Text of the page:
Toy Story: Childhood versus Children in Toy Museums

Anne Jodon Cole, Eva Petersson Brooks

Research output: Contribution to journalJournal articleResearchpeer-review

207 Downloads (Pure)


Toys are considered to be children’s cultural objects, yet when placed in a toy museum context they become a collection for adult viewing. This article uses Kress and van Leeuwens’ concept of ‘semiotic landscape’ wherein the exhibit provides a specific context of communication that becomes a mediating device between adults and children. The question then becomes, how does a display of static toys speak to a child’s culture of play? Through interviews with toy museum curators and personal observations it was found that the exhibition was designed to have adults share and reflect stories about the toys with children. Such activity reflects a representation of toys as collections for adults (child’s perspective) rather than the playthings of children (children’s perspectives). Material culture of children was implicitly represented through playful, sensory, and affective engagement.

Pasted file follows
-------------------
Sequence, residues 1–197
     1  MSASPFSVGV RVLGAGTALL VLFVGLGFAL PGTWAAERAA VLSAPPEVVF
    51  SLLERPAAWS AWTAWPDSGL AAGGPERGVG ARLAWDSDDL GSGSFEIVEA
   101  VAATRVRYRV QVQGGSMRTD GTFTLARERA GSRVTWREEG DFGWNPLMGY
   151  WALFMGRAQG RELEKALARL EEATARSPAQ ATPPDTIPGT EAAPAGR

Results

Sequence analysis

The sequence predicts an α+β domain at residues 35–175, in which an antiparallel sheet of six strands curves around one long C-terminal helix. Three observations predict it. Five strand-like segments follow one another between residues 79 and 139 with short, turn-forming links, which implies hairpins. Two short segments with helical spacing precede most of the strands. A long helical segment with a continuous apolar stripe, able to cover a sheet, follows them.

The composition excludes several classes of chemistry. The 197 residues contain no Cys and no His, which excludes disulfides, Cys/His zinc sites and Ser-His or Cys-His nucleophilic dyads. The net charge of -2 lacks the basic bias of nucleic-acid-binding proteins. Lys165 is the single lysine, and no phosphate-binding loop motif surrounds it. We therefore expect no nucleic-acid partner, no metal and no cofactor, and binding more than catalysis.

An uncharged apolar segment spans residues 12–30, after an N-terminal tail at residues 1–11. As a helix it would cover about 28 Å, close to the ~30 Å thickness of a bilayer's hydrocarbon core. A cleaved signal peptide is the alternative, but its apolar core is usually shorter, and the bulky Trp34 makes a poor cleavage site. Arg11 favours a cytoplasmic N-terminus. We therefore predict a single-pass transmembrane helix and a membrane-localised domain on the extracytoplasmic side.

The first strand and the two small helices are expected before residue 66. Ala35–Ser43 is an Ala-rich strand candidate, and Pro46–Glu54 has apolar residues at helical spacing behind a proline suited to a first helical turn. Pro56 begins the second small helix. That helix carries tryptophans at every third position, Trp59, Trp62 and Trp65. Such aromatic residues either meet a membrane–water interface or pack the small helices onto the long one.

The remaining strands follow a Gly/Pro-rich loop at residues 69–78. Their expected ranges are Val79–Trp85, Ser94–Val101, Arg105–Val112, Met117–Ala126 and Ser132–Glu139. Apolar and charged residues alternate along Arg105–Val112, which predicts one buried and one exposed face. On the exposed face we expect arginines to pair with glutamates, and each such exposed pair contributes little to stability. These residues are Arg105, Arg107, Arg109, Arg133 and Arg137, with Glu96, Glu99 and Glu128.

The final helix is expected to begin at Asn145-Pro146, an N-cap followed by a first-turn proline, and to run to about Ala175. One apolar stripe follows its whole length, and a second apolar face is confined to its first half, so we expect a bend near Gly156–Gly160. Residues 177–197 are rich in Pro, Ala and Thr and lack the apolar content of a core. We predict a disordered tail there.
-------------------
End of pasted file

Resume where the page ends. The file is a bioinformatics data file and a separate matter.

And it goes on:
Key words: toy exhibits, material culture of children, semiotic landscape, play, narratives
Original languageEnglish
JournalMuseum & Society
Issue number2
Pages (from-to)294-312
Number of pages19
Publication statusPublished - 2016


Dive into the research topics of 'Toy Story: Childhood versus Children in Toy Museums'. Together they form a unique fingerprint.

Cite this